Reasons to be Cheerful

If you are of a certain age you will already be running a set of Ian Dury lyrics through your head. If you aren’t, you’ll be wondering what I’m talking about. It’s amazing what a few words can bring back to you. They have just taken me on a 400 word digression, which I have removed and repackaged. They will appear in my next post where I will pretend that I always meant to write a post on nostalgia and British cars.

Blame Charliecountryboyfor this, he mentioned the smell of vinyl seats in a recent post and that came together with thoughts on Ian Dury to form a post that took me back to the age of 19 and the late 70s. As the two thoughts came together the words flowed like automatic writing. Unfortunately they wren’t words about reasons to be cheerful, which was what the post is supposed to be about.

Anyway, back to the subject. I rose from my bed a little before eight, feeling relaxed, reinvigorated and ready for a day of hard work and creativity.

This is not usual.

After catching up on my blog reading (which is still weak and sporadic, I’m afraid) I made breakfast as I heard Julia stirring. Monday is currently a day off for me under the new shop rota, so we take a relaxed view of mornings). After bacon cobs and tea I decided what to do. I decided to watch TV for a while. Then I fell asleep. I have no ideas why, because I wasn’t tired, but I think TV might have switched my brain off.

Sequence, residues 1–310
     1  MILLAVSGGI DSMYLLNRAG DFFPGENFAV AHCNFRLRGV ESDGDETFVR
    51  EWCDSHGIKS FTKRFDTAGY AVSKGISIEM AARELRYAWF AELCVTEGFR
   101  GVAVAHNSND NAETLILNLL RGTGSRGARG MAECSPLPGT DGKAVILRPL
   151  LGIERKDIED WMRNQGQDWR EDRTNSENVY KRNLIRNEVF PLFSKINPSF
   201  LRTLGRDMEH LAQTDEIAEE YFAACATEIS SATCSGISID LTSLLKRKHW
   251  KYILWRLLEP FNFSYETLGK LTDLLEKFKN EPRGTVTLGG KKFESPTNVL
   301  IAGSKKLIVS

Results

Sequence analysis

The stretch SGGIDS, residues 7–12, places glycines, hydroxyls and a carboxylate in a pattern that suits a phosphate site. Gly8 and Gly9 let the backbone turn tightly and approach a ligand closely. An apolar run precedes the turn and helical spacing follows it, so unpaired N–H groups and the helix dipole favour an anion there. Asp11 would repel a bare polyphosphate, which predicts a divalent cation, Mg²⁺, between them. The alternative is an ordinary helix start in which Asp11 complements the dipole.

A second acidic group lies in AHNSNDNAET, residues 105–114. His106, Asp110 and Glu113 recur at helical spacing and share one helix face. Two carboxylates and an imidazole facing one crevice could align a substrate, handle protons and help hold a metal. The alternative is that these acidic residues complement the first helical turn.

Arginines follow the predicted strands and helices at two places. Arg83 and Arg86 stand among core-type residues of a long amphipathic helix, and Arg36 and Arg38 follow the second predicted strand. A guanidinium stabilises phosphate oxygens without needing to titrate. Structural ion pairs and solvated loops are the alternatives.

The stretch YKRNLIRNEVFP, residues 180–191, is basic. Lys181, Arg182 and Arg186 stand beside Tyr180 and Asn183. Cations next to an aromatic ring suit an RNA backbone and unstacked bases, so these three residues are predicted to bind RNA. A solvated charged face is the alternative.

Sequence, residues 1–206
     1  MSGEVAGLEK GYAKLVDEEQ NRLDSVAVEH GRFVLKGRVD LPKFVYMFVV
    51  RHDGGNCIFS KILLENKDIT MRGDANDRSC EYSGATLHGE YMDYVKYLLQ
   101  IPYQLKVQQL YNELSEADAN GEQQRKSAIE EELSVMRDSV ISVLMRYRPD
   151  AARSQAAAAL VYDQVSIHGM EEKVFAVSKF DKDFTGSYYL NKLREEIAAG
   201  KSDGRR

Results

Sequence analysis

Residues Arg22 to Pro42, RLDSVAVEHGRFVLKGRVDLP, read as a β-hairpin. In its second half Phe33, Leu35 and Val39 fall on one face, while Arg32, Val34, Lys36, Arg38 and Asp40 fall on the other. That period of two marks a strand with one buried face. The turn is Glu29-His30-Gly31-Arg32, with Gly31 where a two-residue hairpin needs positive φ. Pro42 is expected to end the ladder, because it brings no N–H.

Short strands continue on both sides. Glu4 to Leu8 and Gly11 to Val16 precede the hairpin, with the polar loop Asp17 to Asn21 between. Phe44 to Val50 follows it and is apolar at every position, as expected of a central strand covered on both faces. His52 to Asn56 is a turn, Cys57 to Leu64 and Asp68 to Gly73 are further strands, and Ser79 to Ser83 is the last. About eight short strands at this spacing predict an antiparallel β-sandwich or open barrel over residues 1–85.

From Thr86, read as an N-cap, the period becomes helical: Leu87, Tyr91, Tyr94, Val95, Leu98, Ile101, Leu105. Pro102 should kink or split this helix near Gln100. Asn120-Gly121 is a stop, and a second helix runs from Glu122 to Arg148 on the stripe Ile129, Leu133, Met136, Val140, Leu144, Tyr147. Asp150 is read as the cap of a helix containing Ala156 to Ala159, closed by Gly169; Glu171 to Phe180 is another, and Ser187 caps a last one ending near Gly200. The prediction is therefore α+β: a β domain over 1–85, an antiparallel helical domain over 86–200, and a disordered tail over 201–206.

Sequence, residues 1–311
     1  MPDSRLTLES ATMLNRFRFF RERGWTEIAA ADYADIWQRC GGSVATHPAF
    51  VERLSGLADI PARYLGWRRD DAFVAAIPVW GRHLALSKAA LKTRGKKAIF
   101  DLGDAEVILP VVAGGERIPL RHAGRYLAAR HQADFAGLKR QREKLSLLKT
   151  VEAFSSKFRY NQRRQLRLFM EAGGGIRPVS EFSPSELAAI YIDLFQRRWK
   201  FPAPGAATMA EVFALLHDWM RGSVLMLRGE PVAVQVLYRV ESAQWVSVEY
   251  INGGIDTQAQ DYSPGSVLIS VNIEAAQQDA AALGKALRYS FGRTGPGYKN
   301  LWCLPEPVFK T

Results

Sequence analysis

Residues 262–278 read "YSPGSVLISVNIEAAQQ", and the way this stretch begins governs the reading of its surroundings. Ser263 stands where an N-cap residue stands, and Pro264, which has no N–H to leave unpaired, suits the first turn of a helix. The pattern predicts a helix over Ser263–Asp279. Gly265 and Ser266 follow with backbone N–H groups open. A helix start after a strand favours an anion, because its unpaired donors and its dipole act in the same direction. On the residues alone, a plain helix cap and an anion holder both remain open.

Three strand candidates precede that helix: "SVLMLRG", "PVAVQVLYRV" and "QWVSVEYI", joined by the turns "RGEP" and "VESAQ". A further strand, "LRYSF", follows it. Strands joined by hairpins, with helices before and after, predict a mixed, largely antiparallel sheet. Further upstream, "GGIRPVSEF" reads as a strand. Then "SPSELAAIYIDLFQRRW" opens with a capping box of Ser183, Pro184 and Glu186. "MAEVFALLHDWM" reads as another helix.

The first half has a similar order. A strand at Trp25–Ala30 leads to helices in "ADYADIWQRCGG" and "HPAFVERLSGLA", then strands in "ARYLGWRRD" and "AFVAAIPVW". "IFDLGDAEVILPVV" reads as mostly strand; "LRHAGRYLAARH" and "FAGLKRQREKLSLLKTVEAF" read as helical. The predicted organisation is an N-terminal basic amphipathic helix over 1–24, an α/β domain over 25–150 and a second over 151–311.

The I read, made Welsh Rarebit for lunch and wrote and edited. The reason for the editing was that I managed to write 400 words of digression, as mentioned above.

Welsh Rarebit on sourdough toast – the bits are from the Dijon mustard – I use one spoonful to add texture then a couple of spoonfuls of English to add a bit of flavour. 

Reason to be cheerful number one is a blog post from Laurie Graves. Actually it could be one of several, but I selected this one because it cheered me up. It has pictures of raindrops on leaves and an iris. If you don’t cheer up when you see them you probably don’t like pictures of kittens, and there is no hope for you.